With the call to increase land protection tenfold every year between now and 2030, land trusts must find new ways to identify and protect lands faster and to manage them for effectiveness. That means being even more strategic and implementing efficiencies into workflows to prioritize, engage, secure and monitor lands at top speed. We also must include communities and lands that traditionally have been left out for various systemic reasons and evolve our field to be more inclusive. Geospatial technologies help us understand where to direct resources and policies that will have the best outcomes for people and nature. Data shows us where protected lands can provide multiple benefits like health, biodiversity, equity and climate resilience.
No matter where your organization is in terms of capacity, funding or technical sophistication, you can tap into the power of data, science and technology to prioritize, secure and track protected lands. Experts from NatureServe, Center for Geospatial Solutions, the International Land Conservation Network and Upstream Tech will show you examples of how to access and use data and technology for your goals and how to tap into partnerships or networks that can support and amplify your work. We cannot meet these audacious land protection goals alone. Short presentations will be followed by an interactive panel session to discuss challenges, needs and the path forward as well as addressing participant questions.
This session will introduce participants to new and emerging opportunities for their networks of landowners to take advantage of funding for forest stewardship through the carbon market. It will focus on the Family Forest Carbon Program, a practice-based program developed by the American Forest Foundation and The Nature Conservancy to meet the challenges that many smaller-acre landowners face when considering traditional forest carbon offset programs. It will also include a discussion about our initial findings on the most aspects of a carbon program for smaller family landowners of less than 2,400 acres.
As the frequency and scale of natural disasters increases across the globe, local communities and organizations need more expertise, tools and resources to prepare and respond when disaster strikes. Since 2017, the Federal Emergency Management Agency (FEMA) has spent over $45 billion in recovery funding for states impacted by wildfires, flooding, hurricanes and tropical storms. As the consequences of climate change are hitting us all at the community and personal level, Congress has directed FEMA to expand their mandate to invest in more climate-resilient communities and natural infrastructure. The learning objectives of this session are to (1) Better prepare your land trust and community for a natural disaster by gaining an understanding of the relationship between local disaster preparedness planning, and the state and federal emergency management agencies (2) Learn from land trusts in California and Oregon that worked with FEMA and state agencies after devastating wildfires to try to secure hazard mitigation funding for land conservation and restoration (3) Gain an in-depth understanding of the 2021 funding opportunity and application process for FEMA's new Building Resilient Infrastructure and Communities (BRIC) Program which "aims to categorically shift the federal focus away from reactive disaster spending and toward research-supported, proactive investment in community resilience."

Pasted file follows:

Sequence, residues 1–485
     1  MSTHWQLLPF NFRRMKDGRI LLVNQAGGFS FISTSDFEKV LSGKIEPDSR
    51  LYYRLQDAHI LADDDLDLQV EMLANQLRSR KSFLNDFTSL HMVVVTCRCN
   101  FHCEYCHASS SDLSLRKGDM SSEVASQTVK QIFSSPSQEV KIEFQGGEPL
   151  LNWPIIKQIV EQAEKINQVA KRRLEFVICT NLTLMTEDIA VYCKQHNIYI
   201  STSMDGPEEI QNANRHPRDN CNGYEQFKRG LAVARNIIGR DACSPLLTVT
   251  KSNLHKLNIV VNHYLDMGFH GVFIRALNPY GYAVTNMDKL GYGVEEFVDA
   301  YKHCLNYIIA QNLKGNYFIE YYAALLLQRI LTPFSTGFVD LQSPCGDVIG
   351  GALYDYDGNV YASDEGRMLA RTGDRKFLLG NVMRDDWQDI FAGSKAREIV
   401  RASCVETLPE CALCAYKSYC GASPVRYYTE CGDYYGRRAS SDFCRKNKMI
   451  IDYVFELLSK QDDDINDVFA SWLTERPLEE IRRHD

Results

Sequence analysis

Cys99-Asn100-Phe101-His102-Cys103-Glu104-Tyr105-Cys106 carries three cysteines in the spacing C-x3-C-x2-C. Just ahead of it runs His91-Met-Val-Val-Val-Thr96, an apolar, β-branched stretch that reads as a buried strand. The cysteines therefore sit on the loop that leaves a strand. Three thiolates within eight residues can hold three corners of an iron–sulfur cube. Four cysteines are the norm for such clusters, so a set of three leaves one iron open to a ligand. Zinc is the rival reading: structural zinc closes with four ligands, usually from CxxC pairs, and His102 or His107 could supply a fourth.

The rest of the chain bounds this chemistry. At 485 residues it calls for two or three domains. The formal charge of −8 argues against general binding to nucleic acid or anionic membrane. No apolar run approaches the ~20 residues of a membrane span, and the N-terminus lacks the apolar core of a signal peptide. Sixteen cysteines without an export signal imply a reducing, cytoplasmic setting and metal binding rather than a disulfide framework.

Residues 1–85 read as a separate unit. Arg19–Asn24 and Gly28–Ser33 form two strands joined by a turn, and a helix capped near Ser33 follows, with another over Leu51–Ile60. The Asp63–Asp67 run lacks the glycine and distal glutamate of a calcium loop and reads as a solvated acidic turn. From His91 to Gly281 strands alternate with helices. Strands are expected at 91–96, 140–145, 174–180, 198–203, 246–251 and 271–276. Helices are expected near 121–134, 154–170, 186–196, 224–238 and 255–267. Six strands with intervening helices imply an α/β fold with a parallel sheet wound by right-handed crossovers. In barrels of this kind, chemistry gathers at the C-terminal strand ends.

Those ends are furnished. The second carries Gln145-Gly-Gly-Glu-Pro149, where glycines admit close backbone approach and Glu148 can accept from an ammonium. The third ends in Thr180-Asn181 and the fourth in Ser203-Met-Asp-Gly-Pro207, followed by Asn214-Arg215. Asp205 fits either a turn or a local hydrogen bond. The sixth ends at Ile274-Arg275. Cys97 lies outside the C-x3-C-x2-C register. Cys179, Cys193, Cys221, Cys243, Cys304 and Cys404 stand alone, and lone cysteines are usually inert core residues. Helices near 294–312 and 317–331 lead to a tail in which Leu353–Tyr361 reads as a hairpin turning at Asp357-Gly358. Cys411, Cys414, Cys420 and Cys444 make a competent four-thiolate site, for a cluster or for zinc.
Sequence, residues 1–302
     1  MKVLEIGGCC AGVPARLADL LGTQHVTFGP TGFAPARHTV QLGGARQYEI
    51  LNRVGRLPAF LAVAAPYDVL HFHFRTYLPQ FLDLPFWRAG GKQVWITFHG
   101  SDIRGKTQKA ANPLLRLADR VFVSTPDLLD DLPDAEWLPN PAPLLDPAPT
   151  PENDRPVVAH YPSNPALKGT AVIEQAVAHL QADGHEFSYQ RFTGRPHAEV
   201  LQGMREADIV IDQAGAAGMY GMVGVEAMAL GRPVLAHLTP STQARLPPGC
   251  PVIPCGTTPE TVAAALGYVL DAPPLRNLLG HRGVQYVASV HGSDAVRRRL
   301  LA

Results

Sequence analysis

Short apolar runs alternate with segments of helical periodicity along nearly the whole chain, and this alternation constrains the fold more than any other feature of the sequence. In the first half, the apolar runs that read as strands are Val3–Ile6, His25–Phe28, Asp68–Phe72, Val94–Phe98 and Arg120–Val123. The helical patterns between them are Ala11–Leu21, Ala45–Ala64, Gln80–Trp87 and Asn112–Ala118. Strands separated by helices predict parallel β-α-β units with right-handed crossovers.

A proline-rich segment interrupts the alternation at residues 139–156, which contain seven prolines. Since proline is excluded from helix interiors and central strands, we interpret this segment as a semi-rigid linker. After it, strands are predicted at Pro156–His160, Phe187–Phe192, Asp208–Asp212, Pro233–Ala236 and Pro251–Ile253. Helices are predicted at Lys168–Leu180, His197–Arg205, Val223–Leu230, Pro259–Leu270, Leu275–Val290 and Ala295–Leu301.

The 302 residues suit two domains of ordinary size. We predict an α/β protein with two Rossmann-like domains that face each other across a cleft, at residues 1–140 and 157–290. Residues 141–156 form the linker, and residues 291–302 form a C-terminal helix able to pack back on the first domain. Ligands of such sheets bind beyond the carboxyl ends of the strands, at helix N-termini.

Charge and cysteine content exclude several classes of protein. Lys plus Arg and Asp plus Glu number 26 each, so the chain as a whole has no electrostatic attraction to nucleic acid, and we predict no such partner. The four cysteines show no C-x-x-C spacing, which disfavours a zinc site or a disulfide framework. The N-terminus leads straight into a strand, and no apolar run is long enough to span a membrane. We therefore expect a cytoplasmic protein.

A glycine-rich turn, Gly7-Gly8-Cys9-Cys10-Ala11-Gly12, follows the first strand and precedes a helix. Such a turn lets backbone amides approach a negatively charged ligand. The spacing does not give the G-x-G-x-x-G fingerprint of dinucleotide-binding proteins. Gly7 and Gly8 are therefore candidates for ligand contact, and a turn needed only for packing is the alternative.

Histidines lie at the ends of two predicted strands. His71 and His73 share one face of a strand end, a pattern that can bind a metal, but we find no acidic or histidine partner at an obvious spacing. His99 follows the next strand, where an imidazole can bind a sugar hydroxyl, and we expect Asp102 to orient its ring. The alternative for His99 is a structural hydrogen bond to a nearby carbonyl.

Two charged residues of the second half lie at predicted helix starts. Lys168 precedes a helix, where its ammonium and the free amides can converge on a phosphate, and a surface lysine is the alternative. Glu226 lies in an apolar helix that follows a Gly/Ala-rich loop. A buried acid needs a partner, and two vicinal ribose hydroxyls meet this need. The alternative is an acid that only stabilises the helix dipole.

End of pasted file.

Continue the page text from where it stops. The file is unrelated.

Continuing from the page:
Climate change is a global problem with intense local effects. The Jo Daviess Conservation Foundation sponsored and broadly publicized a forum at which diverse elements of our largely rural community -- beset by a decade of extreme weather resulting in millions and millions of dollars of property damage, crop loss, and even loss of life -- heard from four speakers. Presenting the problem side in our forum were a charismatic local weatherman/climatologist and a county engineer/infrastructure expert. On the solutions side were an Illinois Extension disaster mitigation expert and a regional clean energy district organizer. This program created a catalyst for our county board to resolve to consider climate change in future decisions and resulted in increased interest in creating a local green energy district. We believe our forum is replicable by other land trust conservation educators and can make an impact in their communities. The goal of the workshop will be to explain how we put this program together, provide examples of speakers and content that we consider critical and to engage with participants in thinking about their own local communities and how they can take our template and apply it to their particular situations.